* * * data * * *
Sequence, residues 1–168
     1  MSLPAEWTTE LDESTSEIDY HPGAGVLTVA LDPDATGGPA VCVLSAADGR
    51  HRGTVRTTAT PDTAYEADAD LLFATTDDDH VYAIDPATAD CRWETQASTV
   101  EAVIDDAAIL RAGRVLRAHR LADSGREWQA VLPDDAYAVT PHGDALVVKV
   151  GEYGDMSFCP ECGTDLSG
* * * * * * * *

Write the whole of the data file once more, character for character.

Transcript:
Sequence, residues 1–168
     1  MSLPAEWTTE LDESTSEIDY HPGAGVLTVA LDPDATGGPA VCVLSAADGR
    51  HRGTVRTTAT PDTAYEADAD LLFATTDDDH VYAIDPATAD CRWETQASTV
   101  EAVIDDAAIL RAGRVLRAHR LADSGREWQA VLPDDAYAVT PHGDALVVKV
   151  GEYGDMSFCP ECGTDLSG